According to the Washington Post, this is the implementation of a strategy put together at a White House meeting two months ago, where it was decided that administration officials should reiterate key talking points in their speeches and interviews. Per a memo obtained by the LA Times, those include pointing out that the president "‘kept the American people safe' after the September 11 terrorist attacks, lifted the economy after 2001 through tax cuts, curbed AIDS in Africa and maintained 'the honor and the dignity of his office’". That’s a cute list, isn’t it? In a certain nausea-inducing way. I don’t even know where to get started with that, and it’s probably better for all of us if I don’t. One thing I do have to say, though. Just as in our movie rating system, what passes as the standard for honor and dignity in the White House is so very America. You can murder in cold blood as many hundreds of thousands of Iraqis as you need to to get your rocks off, and that’s fine. But if you actually do get your rocks off – literally, the old-fashioned way – you’re considered obscene. Go figure, eh? Like I said, it’s a wacky little planet.

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Of course, George W. Bush trying to save his legacy is not, in and of itself, so outlandish. A politician who doesn’t spin is like a conservative who doesn’t lie. It does happen. It has actually been observed in nature. Just not that often. The outlandish part is, first, the magnitude of the tales being told and sold. And, second, that a still obscenely compliant media allows these to be promulgated, without challenge, completely disregarding any notion of fulfilling a public service mandate to actually inform the people, let alone to hold the country’s leaders accountable. What a concept, eh – a critical media and governmental accountability? I guess all that hardball stuff is only for Democrats.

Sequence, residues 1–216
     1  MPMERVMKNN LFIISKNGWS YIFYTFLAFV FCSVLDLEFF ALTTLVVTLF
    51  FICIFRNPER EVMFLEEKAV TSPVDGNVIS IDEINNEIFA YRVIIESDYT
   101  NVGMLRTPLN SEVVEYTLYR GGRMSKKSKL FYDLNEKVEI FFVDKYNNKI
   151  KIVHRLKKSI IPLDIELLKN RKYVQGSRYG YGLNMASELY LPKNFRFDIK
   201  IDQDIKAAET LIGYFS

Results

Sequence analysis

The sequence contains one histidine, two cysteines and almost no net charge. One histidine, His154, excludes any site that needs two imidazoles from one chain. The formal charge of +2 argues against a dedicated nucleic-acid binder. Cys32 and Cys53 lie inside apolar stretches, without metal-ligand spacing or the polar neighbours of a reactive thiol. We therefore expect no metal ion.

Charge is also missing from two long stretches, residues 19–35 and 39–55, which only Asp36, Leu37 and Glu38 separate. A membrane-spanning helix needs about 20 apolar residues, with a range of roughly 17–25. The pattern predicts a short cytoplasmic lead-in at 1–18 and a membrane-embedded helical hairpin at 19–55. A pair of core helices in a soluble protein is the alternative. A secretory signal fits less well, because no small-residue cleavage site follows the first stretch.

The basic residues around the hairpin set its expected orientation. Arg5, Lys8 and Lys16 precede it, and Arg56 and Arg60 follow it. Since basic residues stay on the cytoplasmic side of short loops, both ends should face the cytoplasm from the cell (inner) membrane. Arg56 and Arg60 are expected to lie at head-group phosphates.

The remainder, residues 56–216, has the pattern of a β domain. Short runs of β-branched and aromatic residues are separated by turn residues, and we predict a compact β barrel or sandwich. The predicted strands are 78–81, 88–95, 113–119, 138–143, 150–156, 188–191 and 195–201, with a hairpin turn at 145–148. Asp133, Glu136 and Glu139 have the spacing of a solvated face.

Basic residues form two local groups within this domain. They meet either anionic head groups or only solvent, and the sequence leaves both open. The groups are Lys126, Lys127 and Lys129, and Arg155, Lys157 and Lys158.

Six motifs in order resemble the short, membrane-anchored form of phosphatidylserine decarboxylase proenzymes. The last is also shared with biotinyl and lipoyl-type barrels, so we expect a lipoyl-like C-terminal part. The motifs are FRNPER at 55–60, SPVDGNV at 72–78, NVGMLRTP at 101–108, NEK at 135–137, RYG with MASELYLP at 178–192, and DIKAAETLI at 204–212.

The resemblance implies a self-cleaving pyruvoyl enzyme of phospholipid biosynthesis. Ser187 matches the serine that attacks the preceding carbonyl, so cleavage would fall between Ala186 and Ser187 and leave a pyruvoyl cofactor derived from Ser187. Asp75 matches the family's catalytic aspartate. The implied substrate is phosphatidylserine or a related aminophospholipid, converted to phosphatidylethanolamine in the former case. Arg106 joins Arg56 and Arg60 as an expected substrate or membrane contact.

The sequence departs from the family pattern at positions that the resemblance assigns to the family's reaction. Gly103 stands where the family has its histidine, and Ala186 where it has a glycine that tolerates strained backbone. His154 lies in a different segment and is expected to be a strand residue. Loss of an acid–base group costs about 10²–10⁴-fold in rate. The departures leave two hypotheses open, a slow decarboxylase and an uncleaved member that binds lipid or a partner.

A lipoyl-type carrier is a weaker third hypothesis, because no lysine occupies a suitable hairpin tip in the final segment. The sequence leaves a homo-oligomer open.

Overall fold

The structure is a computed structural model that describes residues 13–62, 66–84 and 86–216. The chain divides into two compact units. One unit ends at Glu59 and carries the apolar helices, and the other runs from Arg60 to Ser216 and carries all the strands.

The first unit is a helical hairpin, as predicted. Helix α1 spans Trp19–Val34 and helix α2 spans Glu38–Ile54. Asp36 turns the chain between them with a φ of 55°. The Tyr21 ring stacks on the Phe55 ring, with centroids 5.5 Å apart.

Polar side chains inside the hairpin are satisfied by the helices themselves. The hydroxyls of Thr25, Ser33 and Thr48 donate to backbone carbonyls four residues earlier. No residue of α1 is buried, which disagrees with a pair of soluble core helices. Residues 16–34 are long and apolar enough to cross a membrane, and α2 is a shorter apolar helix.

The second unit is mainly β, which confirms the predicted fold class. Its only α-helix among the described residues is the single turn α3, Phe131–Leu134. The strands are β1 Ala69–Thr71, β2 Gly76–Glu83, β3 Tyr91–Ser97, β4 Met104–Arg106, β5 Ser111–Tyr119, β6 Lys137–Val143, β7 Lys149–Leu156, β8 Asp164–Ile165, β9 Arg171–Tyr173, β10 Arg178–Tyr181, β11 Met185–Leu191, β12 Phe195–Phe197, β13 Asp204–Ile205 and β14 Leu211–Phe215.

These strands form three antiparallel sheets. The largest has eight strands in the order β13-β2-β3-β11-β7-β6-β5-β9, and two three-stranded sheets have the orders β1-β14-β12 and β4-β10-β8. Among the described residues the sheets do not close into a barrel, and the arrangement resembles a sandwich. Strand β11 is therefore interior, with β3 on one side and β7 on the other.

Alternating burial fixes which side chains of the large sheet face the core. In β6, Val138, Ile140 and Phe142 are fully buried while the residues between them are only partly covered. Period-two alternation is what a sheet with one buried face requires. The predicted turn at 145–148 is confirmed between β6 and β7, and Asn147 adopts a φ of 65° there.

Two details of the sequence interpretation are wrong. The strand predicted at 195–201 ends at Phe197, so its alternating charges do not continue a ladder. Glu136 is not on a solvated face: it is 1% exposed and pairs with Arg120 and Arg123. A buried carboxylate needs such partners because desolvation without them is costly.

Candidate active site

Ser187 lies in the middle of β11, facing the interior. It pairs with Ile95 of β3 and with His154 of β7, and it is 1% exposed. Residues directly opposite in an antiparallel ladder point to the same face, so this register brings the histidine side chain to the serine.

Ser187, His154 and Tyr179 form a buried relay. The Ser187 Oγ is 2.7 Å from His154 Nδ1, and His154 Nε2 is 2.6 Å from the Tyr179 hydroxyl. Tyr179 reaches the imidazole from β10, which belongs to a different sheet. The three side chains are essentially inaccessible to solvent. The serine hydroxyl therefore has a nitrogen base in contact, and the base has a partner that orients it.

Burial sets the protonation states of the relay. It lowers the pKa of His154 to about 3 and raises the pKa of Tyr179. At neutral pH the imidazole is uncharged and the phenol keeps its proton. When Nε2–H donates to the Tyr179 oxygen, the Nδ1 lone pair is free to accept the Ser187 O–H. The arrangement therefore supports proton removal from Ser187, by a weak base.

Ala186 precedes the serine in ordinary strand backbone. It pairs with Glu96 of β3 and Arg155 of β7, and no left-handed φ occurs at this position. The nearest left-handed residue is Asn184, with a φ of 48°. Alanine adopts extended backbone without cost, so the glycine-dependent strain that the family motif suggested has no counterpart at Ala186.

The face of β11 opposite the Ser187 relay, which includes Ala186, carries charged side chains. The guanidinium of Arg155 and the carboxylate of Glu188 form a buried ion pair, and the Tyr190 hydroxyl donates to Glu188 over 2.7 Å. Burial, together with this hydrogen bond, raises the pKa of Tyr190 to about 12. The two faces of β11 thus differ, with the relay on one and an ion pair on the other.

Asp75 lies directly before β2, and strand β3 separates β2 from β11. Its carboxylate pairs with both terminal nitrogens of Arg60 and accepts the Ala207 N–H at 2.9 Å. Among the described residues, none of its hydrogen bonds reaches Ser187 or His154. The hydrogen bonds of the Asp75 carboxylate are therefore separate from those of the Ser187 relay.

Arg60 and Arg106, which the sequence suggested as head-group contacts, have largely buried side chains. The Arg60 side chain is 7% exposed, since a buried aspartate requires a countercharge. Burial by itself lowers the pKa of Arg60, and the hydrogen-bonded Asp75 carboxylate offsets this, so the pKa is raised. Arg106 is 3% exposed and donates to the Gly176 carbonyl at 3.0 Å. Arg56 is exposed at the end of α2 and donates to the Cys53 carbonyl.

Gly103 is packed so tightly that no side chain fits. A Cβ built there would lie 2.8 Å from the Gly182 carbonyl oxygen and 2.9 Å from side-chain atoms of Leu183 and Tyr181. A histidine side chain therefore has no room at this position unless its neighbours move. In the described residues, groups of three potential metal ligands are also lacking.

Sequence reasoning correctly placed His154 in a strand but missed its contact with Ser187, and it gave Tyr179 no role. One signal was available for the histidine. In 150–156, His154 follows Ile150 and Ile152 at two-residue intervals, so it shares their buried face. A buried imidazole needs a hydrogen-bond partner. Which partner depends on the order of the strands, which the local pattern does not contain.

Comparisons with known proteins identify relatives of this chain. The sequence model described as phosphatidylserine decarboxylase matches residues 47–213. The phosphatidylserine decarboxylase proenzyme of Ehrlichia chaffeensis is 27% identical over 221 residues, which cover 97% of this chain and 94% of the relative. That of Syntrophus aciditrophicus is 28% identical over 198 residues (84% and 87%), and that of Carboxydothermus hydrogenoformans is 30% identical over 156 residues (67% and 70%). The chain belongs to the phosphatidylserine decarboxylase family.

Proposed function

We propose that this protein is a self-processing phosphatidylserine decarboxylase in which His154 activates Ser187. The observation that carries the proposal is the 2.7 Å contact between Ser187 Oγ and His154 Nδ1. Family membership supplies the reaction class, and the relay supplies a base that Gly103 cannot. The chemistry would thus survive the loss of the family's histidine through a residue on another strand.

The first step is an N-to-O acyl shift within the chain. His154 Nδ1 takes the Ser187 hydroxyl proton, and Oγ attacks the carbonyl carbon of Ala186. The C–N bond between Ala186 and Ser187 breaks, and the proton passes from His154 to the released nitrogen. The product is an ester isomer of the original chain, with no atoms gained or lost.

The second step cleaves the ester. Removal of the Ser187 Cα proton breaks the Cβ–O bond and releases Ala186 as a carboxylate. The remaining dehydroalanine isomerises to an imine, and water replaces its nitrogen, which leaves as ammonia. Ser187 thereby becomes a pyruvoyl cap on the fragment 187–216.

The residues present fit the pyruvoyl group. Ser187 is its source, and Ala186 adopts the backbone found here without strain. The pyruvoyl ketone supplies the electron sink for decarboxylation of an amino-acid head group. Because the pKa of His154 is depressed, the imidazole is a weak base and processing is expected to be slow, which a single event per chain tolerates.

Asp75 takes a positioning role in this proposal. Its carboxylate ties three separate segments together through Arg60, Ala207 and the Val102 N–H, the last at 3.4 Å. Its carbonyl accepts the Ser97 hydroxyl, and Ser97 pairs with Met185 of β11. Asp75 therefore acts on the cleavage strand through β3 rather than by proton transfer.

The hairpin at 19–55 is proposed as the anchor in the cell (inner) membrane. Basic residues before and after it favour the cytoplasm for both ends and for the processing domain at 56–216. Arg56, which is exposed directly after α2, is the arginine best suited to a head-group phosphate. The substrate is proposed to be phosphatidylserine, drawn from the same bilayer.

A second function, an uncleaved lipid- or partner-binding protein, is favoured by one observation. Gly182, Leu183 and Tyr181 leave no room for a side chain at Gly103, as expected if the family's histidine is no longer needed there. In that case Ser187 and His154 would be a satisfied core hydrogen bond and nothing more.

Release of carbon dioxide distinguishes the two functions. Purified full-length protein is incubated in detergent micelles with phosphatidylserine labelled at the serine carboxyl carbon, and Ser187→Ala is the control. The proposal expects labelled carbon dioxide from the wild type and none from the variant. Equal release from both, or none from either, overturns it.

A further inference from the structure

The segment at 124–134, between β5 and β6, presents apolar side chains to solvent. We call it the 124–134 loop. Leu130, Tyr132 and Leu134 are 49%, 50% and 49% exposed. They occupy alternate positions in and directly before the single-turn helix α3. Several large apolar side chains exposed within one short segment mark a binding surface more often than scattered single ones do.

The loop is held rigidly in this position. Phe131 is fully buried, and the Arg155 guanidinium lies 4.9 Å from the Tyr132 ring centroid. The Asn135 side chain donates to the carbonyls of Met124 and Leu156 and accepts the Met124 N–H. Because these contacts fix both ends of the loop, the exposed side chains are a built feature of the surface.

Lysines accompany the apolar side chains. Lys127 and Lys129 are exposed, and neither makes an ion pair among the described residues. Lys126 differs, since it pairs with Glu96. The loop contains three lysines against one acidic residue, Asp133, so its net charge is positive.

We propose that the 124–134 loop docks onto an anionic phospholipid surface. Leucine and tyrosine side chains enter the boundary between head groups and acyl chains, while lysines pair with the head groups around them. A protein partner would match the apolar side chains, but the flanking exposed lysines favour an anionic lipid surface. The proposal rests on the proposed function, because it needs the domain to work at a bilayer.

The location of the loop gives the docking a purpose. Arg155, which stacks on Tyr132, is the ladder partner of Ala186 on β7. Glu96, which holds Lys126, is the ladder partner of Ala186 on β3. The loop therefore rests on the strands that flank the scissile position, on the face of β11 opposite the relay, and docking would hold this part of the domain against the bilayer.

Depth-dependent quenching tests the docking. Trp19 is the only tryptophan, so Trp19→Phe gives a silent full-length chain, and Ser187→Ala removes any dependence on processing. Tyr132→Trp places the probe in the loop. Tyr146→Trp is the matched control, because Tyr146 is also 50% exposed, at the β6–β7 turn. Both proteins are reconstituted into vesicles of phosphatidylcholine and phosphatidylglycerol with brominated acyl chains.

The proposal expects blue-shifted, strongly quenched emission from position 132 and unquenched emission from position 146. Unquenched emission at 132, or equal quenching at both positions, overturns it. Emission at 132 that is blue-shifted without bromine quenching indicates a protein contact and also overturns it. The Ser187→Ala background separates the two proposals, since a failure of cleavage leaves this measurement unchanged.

Anyhow, here’s a good example, for starters:

GIBSON: What were you most unprepared for?

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BUSH: Well, I think I was unprepared for war. In other words, I didn't campaign and say, "Please vote for me, I'll be able to handle an attack." In other words, I didn't anticipate war. Presidents – one of the things about the modern presidency is that the unexpected will happen.

Leaving aside for the moment the question of whatever really happened on 9/11, the very best case scenario one might make is not that this president was unprepared for war, but rather that he was unprepared for defense. That’s unforgivable, and had he been a Democrat who also ignored five-alarm warning bells prior to 9/11, and who spent the entire month prior on vacation after being warned about the danger, he would indeed never have been forgiven, least of all by Mssrs. Bush, Cheney and Rove. And then, of course, there’s the impression that Bush’s response to this question leaves, suggesting that the principal war of his administration – the one in Iraq – was somehow thrust upon him. A real interviewer would never have just let this statement go. This was the ultimate war of choice, conducted for the ultimate of disingenuous reasons.